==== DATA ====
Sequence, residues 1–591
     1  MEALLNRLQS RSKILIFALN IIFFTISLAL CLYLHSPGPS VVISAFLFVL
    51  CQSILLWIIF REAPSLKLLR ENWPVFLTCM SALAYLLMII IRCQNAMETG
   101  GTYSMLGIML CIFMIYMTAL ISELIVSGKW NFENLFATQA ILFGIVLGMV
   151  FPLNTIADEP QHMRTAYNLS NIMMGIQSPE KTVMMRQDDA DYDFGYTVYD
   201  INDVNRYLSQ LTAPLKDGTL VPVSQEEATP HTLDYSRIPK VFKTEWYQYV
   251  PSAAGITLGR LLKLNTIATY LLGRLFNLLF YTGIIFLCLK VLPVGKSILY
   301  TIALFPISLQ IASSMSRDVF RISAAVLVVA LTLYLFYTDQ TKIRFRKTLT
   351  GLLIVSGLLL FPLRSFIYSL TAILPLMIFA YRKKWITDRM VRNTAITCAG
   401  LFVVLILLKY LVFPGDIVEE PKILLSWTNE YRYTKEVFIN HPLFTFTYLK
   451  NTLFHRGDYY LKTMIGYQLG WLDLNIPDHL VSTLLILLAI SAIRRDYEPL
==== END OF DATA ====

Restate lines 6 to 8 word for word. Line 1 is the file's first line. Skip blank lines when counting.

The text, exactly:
   201  INDVNRYLSQ LTAPLKDGTL VPVSQEEATP HTLDYSRIPK VFKTEWYQYV
   251  PSAAGITLGR LLKLNTIATY LLGRLFNLLF YTGIIFLCLK VLPVGKSILY
   301  TIALFPISLQ IASSMSRDVF RISAAVLVVA LTLYLFYTDQ TKIRFRKTLT